Like so many public school teachers, today, this husband explained his wife’s frustration with the changes that are taking place in public education in Ohio, changes that are making it difficult for her to teach children.

Her husband shared with me that his wife is one of seven or eight teachers at her school who are actively pursuing a career change once the current school year has ended. He also said that his wife’s principal is aware of the fact that she and several of her colleagues are planning to leave and this principal has been pleading with them to reconsider. “You are my best teachers,” he tells them. No doubt this principal is one of many who dread the prospect of leading their schools into an uncertain future without their best teachers.

Can we blame teachers for leaving their profession? Do they not have the right to pursue the best opportunities for which they are qualified? Public school corporations are no different than any other employer. An employer can expect the loyalty of its employees for only as long as that employer can sell them on the importance of the organization’s mission; meet their need for professional and financial fulfillment; and, give them reason to hope for successful outcomes.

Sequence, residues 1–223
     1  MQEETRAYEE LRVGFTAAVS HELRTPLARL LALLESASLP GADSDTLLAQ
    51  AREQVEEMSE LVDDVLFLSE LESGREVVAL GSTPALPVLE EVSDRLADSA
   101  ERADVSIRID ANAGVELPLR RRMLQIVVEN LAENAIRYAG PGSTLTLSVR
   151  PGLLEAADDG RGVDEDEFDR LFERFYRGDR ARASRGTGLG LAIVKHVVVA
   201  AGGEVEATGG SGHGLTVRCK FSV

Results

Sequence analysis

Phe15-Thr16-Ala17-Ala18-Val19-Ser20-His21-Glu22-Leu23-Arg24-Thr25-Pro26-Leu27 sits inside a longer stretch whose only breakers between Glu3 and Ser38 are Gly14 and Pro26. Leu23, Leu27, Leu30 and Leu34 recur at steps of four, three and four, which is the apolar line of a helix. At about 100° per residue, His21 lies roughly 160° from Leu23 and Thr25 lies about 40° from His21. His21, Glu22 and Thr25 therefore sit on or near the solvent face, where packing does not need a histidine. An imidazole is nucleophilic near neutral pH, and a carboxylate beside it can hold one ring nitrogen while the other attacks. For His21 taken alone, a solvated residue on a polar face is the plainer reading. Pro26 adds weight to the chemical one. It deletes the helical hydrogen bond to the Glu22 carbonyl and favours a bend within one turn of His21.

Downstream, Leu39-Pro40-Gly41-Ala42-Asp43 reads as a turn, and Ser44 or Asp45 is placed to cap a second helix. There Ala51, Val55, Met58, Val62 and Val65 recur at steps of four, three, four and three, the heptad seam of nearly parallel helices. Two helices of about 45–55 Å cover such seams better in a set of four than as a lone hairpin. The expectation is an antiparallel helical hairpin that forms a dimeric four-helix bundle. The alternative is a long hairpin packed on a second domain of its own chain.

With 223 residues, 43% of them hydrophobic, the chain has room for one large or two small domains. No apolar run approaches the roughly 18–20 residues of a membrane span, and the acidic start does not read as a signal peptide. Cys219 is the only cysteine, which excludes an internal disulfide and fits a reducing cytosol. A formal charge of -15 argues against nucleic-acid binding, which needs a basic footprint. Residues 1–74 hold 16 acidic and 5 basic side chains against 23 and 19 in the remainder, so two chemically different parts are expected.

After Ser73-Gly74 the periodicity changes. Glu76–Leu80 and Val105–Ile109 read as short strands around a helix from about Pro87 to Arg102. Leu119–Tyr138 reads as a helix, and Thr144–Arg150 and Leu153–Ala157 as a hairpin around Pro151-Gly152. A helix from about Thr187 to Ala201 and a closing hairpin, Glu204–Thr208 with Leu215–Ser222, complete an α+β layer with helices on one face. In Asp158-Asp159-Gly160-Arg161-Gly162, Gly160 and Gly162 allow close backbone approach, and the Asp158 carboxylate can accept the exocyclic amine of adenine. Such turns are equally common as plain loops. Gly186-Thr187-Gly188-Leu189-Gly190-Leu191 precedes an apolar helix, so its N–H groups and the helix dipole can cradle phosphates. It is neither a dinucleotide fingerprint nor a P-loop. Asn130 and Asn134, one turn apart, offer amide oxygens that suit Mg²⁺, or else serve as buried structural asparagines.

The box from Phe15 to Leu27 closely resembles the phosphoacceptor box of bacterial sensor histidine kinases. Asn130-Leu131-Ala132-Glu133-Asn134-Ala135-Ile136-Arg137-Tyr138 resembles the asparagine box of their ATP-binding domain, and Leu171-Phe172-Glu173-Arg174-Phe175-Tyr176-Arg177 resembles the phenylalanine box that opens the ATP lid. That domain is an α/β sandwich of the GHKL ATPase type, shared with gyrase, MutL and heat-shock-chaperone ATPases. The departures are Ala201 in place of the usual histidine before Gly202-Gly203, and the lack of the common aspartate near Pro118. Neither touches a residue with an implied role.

Given the degree to which public education is under attack, the school corporations that serve our nation’s most vulnerable communities are being stripped of the power to make any assurances to their faculties, which begs the question of how such corporations, in the absence of a capable faculty, can offer any assurances to their students and their community.

The unpleasant truth with which the American people must come to terms is that our nation’s leaders have created a scenario in which the control over the education of our nation’s children has been placed in the hands of people who have no understanding of the realities of educating children; corporate executives and government officials who function within a logical realm that is corrupted by special interests and who have only their arrogance to guide them.

What kind of future can we have as a democratic society when we have lost our ability to prepare all of our children for the responsibilities of citizenship? What kind of future do the American people want for their children?

The dilemma for the American people is that they do not trust the bill of goods being pushed by corporate and government reformers and, also, that they have lost faith in traditional public education.

Teachers, principals, and superintendents and other educational professionals are the only ones who possess sufficient knowledge to save public education and to offer the American people what they want and need. The American people desperately need professional educators to stand and fight rather than stand by with our hands in our pockets and do nothing or, worse, leave the profession to the reformers.